What does your taste say about you?

…. if anything
Music, in whatever form, is just one of those things. It is, for most humans, an enjoyable, even integral, part of life. It is very rare that I meet someone who doesn’t have an opinion about, taste for, or love of music, and I remember just about every one of them. It baffles me.
Music, no matter what kind, is a unifying, identifying, telling thing. I read into lots of things when I meet someone, not even really consciously, and there are a lot of things that say a lot about a person.
I’ve had this conversation with a few people recently. Say you’re among a group of people who you know of, but you don’t know very well, like friends of a good friend of yours or something. One of the first things I go to for a topic of conversation is music, because it’s something almost everyone at least has an opinion about, if not passionately loves. “What kind of music do you listen to?” is such a broad topic, especially in today’s media-soaked age of exposure, YouTube, Pandora, iTunes radio, and whatever else. More specifically, I’d ask something more along the lines of “what’s in your CD player” (well, ten years ago maybe) or “what’s on you iPod right now?” or “what have you listened to or been impressed by most recently?” Granted, someone may have just happened to be listening to like, old showtunes or Gregorian chant or Mary Had a Little Lamb or something, which may be completely non-indicative of their tastes in music. But it’s a good place to start.
Not only do other people begin to form a basis for what kind of person they think you are based on certain things, but more and more people (well, a specific type of people, I feel) begin to define themselves by or at least identify themselves with or as listeners of a specific type of or trend in music.
Let me elaborate. Let me also preface. This may sound like I judge people based on certain seemingly insignificant things, but I try to be observant. I feel that making observations and forming tentative opinions is different than judging. For example, do your socks match? It would be rare that they didn’t… but it would certainly say one of a few things about a person if they didn’t, and some educated inferences could be made. The people who define themselves by their tastes in music are also often those who are also way too proud of their tastes in music, and are eager to let you know they don’t listen to the radio, and if they do, it’s that college radio station, or the independent one that plays all the underground music. They’ll tell you that “I listened to ‘fourteen tortillas and the zebra-face mask’ before they were popular,’ or be quick to share their disgust for anything even barely recognizable as ‘mainstream.’ Hipsters.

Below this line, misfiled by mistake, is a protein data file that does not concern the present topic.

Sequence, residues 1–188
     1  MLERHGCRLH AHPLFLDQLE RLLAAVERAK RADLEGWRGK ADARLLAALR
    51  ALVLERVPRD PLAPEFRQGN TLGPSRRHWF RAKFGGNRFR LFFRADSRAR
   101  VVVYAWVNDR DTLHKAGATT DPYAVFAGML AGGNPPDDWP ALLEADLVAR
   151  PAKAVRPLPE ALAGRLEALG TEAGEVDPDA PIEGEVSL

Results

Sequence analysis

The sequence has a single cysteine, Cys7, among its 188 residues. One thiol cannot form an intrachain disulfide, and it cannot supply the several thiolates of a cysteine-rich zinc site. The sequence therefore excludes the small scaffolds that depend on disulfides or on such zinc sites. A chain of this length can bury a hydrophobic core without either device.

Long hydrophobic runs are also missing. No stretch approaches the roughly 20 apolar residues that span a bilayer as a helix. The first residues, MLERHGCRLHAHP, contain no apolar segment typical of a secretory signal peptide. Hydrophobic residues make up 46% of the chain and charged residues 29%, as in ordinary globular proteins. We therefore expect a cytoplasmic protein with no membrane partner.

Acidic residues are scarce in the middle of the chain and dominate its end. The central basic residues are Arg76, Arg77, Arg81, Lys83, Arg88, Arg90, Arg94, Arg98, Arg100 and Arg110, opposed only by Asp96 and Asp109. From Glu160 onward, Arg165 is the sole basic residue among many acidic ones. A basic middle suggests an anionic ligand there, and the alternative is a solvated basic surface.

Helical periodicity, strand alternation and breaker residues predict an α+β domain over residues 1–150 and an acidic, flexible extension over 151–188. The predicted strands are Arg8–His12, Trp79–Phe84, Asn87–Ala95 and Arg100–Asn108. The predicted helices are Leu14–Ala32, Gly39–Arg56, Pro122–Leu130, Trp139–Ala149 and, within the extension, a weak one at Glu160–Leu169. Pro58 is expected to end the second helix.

I’m not entirely sure where that superiority complex comes from, that one person can feel that their tastes or opinions in music are somehow better than some other person’s, or that it makes them more enlightened or intelligent or educated or something… and I think if approached about it, many of that ilk would be quick to deny any elitist tendencies, but that doesn’t change the fact that the approach and the tone and the whole thing makes people feel that way. It’s almost off-putting.
I’m not here to talk about a societal idiosyncrasy (for now), but it is a phenomenon that I think is a recent (past 30-50 years?) one, at least with the mainstream music scene. There have always been early adopters and system-buckers and rebels (Beatles, Elvis, whatever), but for someone to be proud of or almost have an agenda about their superior tastes in music… bleh.
Anyway, what I’m most interested in is this: is this a phenomenon that appears in classical music? And I would say, probably yes… In a future series I’ve already written, we’ll talk about an example of this in greater depth, but I think the old “emperor’s new clothes” mentality comes into play a bit, either because it’s really there or because people perceive that anyone who likes to listen to ultra-modern, “atonal” music MUST only be claiming so because they think it’s cool. “If I don’t like it, I don’t understand how you could, and therefore you must have an ulterior motive for claiming you do.” And that’s not necessarily true either.
I’ve talked before in this article about people who don’t like classical music, and what I mean by that is they may say they like classical music, may listen to Chopin or even know some pieces by name, but I would be daring enough to say that doesn’t mean you like it as much as it means you don’t mind it.